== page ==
Sun, Apr 22, 2018 - Page 6 News List


Bad academic statistics

The article on academic papers makes me wish that fewer, but clearer analyses were published occasionally (“Fewer, but better papers published: survey,” April 14, page 2).

The information presented compares the number of papers published by Taiwanese academics between 2012 and 2016 (138,411, according to the authors of the report) with the number published by the same group between the years 2011 and 2015 (139,408, from the same source). It should be clear that the years 2012, 2013, 2014 and 2015 are included in both groups.

Anybody with a minimal understanding of statistics should know that the totals are not independent. If they were independent, the difference between them would not be “statistically significant,” meaning that differences in two non-overlapping periods of five years could differ by more than the observed difference, about two times out of 100.

Obviously, the authors of the published analysis had available the number of articles by year (or could have made arrangements at minimal cost), and something more intelligent might have been said from analyzing the trend in those numbers.

What is worse is that the whole discussion pays no attention to the steps that lead to those numbers. One might think of the process as very complex, but we might simplify it at least as follows:

One, authors submit papers to journals.

Two, each journal decides what articles to publish, a process that involves the standards of the journal, as well as the relation between the number of articles submitted and the number of pages the journal needs to fill.

When we consider that simplified process, some considerations that have no place in the oversimplified “things just get published” version come to mind.

The number of papers published by Taiwanese authors might have declined because the authors submitted them to journals of higher standards, but, equally well, they might have declined because more authors from other countries submitted more papers to the journals.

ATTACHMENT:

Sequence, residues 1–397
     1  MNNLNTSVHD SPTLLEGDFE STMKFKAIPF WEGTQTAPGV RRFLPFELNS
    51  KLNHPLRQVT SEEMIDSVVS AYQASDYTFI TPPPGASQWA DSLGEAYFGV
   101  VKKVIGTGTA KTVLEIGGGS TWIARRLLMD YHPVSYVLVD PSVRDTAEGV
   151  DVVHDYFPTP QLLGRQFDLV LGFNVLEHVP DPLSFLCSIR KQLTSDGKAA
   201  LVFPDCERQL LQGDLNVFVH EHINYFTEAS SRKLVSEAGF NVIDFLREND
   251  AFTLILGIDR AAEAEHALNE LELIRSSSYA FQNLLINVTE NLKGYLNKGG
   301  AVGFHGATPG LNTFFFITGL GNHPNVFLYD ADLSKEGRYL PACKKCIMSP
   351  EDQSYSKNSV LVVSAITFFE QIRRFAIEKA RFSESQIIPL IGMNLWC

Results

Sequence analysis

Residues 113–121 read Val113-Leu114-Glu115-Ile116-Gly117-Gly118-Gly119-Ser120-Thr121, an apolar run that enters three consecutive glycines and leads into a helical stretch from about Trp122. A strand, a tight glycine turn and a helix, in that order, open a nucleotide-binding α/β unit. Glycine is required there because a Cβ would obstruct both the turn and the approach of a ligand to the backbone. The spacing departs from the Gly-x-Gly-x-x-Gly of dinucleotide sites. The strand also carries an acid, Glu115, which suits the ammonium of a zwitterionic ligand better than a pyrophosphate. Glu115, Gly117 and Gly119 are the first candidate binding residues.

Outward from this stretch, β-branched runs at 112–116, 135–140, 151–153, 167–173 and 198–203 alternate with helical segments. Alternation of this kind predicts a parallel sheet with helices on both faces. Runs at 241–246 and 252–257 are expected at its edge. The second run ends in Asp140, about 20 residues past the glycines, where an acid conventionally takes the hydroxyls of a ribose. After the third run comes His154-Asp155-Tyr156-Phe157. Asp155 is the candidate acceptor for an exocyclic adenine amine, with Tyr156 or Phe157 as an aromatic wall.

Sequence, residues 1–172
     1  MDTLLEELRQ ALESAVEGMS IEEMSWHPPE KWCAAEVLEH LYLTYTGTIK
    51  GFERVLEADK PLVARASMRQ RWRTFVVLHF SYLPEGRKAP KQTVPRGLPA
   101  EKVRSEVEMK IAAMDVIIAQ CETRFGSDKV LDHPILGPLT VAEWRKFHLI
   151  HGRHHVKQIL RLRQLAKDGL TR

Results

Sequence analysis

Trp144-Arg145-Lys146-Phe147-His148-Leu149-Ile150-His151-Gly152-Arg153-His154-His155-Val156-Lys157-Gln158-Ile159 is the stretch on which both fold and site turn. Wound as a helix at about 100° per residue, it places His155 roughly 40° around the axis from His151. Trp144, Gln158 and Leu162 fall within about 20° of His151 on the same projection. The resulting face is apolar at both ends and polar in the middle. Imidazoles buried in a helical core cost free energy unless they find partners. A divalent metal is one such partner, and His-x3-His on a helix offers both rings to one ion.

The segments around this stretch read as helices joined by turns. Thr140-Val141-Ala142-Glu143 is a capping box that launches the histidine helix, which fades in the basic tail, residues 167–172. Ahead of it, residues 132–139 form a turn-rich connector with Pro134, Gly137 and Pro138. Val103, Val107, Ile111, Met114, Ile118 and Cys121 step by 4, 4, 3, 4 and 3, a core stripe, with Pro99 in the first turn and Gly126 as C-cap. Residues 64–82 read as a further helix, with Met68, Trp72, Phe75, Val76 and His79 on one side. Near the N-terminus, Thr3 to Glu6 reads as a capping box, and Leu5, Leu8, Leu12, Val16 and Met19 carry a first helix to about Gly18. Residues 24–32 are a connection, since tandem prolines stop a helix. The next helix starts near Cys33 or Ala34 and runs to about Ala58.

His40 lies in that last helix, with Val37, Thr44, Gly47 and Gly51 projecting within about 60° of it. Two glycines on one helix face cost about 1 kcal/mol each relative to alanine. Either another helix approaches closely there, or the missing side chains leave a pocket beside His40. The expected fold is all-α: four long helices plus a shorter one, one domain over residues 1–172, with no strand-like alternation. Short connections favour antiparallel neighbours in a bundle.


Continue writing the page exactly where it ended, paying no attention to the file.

I would not expect the authors of the evaluation to have access to the data required for a conclusive analysis, as journals do not publicize the number of articles submitted by researchers of various countries, but the authors could have come closer to something worthy of attention if they had used the data about the journals in which papers were published and had sought data about the rejection rates of the journals involved, data that journals often do publicize.

That they present data on articles published in two distinguished journals suggests that the first part of the data requirement was available. The second data requirement would not have been a major obstacle.

Moreover, I will note that the report indicates that the majority of papers from Taiwan were on “computer science, engineering, economics and business administration” — fields that are not usually of interest to journals such as Nature and Science.

That suggests that the analysis should be done by field of endeavor, rather than lumping everything together. If it had been done on that kind of a basis it might be possible to infer trends more clearly.

Emilio Venezian

New Taipei City

Bad behavior unpunished

Andres Chang (Letter, March 25, page 6) responded to the implicit racism in Pai Po-hsueh’s letter (Letter, March 18, page 8), in which Hsueh demanded that foreigners behave better. However, what makes Hsueh’s complaint particularly ridiculous is the inconsiderate behavior of a minority of Taiwanese people who misbehave on a daily basis (Letter, Oct. 6, page 8).

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